How we support the behavioral needs of our children reflect how we value our children as learners and our educators as professionals. Let me be perfectly clear, if we value our students and school staff, we must support their needs; this in turn creates a more positive school culture and environment. Let us all consider, as a system, how we can connect, collaborate and impact positive change for those whom we serve. Collectively, we have the knowledge and tools necessary to improve outcomes.

Thankfully, we have decades of OSEP-funded research that shows the powerful impact of shifting toward a proactive, preventative mindset and establishing a framework of positive behavioral interventions and supports. Two OSEP-funded technical assistance centers focus on addressing the behavioral needs of children with disabilities: Center on Positive Behavioral Interventions & Supports (Center on PBIS) and National Center on Pyramid Model Interventions (NCPMI). I asked them to share about the power of preventative models of addressing the behavior of young children with disabilities (NCPMI) and school-aged children with disabilities (Center on PBIS).

I hope the questions and responses below will support your own discipline discussions with colleagues and families.

Click on the questions to view the responses from NCPMI and the Center on PBIS.

Center on PBIS: A preventative model of addressing behavior shifts the focus from reactive to proactive supports with a focus on building social, emotional and behavioral skills versus simply to reduce problem behavior. We often think about this framework as a continuum approach:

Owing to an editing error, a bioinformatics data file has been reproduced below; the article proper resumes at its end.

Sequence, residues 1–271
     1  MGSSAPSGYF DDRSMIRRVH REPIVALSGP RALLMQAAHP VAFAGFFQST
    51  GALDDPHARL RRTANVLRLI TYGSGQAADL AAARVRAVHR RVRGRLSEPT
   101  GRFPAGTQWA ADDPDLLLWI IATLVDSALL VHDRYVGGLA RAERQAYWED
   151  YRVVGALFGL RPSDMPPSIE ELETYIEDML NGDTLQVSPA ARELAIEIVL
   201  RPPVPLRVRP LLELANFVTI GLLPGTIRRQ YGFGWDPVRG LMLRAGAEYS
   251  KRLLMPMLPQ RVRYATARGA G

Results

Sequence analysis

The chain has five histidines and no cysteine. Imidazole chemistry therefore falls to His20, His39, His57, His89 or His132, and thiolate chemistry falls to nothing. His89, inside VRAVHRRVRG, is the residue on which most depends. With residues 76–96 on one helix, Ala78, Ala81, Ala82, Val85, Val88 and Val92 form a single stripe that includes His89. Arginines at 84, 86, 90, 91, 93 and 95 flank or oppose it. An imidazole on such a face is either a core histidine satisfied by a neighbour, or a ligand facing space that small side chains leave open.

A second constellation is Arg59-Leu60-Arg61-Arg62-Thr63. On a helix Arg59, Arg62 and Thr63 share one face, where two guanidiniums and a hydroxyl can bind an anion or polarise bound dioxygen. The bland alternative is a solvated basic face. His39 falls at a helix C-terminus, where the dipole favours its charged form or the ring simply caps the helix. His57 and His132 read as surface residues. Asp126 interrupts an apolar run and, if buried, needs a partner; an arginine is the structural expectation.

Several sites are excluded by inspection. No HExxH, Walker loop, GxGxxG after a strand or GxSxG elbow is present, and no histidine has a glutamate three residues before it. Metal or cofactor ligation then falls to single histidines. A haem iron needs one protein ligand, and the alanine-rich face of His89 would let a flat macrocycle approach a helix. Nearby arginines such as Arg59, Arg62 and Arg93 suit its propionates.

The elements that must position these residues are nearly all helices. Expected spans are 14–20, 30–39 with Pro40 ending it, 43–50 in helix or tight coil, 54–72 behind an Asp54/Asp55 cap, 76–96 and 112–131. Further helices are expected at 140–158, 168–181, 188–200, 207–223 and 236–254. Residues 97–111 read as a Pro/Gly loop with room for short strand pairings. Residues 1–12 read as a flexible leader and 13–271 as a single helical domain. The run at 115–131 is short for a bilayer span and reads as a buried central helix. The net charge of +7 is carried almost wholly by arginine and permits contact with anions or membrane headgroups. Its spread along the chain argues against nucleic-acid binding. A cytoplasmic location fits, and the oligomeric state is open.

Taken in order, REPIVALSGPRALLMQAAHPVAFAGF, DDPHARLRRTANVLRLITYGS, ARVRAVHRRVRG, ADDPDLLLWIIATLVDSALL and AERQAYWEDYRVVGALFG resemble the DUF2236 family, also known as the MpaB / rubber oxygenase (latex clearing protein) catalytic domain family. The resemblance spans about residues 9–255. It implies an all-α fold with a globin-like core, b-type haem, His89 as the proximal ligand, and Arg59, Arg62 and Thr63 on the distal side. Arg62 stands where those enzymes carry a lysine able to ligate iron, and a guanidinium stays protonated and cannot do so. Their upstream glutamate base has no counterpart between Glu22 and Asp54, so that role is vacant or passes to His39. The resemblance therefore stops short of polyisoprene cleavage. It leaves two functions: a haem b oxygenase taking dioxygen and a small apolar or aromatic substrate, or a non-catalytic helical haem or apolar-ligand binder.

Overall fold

• Educators implement universal prevention (Tier 1) to set all students up for success in all school settings.
  • For students who need additional support, educators target their support (Tier 2) to meet common needs of some
  • For students with intensive needs, educators individualize support (Tier 3) to meet a few students’ unique needs.

This tiered approach, which is typically referred to as a Multi-Tiered System of Supports (MTSS). Two specific examples of MTSS are Positive Behavioral Interventions and Supports (PBIS) and the Pyramid Model designed for early childhood settings (see below), which can be implemented in a classroom (see MTSS in the Classroom). The benefits of these systems are maximized when implemented consistently throughout a school, program or organization. Research indicates that students and educators benefit when schools implement PBIS with fidelity (for example, Why Implement PBIS).

NCPMI: The Pyramid Model provides a multi-tiered framework of promotion, prevention and intervention practices for early childhood programs. Programs that use this model have reported that they do not use exclusionary discipline practices (Fox, Strain, & Dunlap, 2021). Experimental research on the implementation of the approach has demonstrated the following: